By Jill Kennedy, Founder of That’s the Idea
It’s the beginning of the week and you want to post content on your Facebook and Twitter accounts. You post a status and a few tweets. Thursday rolls around and you realize you haven’t posted since. You had a lot of meetings this week and it was hard to schedule social media into your plan.
How do you adapt this rising and essential marketing tool without falling behind in your most important tasks?
1. Set aside some time early in the week.
Set three to four hours aside each week and research your industry’s news updates, stories and fun and interesting articles. Prepare thoughts and questions to go along with each article that can be used to engage your audience. Consider which hashtags you would use and who you could tag in your posts to spark a conversation.
2. Schedule your content.
Using tools like Hootsuite to manage all of your major accounts from one platform will help you sort your content. Decide on two to three times a day when you would like to post content, focusing mainly on Monday-Friday. Think about when your audience is most engaged online and schedule posts at that time.
3. Get free market research.
If you have a company website, sign it up on Google Analytics. This super easy tool will provide you with statistical information on who is viewing your website. You can use these results to cater to your audience demographic. To set it up, check out this informative “how to” page.
4. Write your own content.
Do what comes naturally and write about your expertise once a week. Talk about trends in your industry, your own personal experiences in the industry, why it is good to invest in your industry’s products or services, guides on how to best use your product or service and general interest pieces that your audience will enjoy. Choose an interesting title that will make your audience curious and don’t forget to let them know you wrote it.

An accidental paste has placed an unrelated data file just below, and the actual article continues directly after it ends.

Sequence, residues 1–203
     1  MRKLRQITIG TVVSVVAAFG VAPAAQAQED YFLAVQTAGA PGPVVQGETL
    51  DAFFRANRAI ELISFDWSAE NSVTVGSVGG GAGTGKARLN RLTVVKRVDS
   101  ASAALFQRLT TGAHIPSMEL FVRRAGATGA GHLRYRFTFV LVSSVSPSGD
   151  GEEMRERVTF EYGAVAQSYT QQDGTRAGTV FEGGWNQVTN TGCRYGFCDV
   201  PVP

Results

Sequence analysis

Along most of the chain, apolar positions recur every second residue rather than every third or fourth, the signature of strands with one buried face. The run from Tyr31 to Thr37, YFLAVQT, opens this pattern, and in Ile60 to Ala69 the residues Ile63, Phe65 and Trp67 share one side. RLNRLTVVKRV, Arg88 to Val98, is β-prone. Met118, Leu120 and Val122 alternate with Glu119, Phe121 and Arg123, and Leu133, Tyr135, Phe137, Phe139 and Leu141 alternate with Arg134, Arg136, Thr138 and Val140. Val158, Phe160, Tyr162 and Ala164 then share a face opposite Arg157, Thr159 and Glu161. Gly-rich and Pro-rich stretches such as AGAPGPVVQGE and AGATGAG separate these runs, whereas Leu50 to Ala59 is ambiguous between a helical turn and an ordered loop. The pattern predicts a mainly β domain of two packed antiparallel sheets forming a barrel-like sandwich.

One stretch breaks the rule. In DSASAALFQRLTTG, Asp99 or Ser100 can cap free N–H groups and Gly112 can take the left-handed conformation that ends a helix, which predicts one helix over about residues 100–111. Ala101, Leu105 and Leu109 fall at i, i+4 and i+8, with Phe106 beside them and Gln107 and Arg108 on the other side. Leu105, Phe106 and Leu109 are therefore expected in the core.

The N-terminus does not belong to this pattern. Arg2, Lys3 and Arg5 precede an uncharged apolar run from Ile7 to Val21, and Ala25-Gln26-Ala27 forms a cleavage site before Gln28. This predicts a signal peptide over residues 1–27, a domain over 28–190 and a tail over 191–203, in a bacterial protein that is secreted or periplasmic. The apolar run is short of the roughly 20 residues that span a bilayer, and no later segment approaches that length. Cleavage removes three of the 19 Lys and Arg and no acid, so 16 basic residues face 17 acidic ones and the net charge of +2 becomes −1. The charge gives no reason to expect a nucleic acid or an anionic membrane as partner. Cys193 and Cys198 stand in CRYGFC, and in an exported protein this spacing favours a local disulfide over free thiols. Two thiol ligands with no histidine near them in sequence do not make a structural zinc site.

5. Always incorporate visuals.
As users scroll down their feeds, they will stop for captivating or moving images. If a relevant photo or video comes up in your research, share it with your audience. Even if your post is text-based, add a visual to draw in the audience.
6. Allot time once a day to respond to audience feedback.
Humans are prone to check their social media regularly. To avoid getting caught up in it, choose a time at the end of your work day to answer any comments or questions the audience has given you about your shared content. Make sure your answers are honest and personable. Social media allows you to connect with new leads so always be prepared to converse with the audience.
There you have it: social media is manageable! Once you establish a rhythm, a lot can be accomplished in online marketing. Incorporating social media into your business will keep you educated and updated on industry discussion and more involved with potential customers.
About the Author:
Jill Kennedy is the owner of a start-up called, That’s the Idea, a social media management and content creation company in the Greater Toronto Area. Jill’s background in visual culture, professional writing and management, affords her the opportunity to educate business owners on the importance of social media marketing and provide content for their web platforms. Contact her through www.thatstheidea.ca.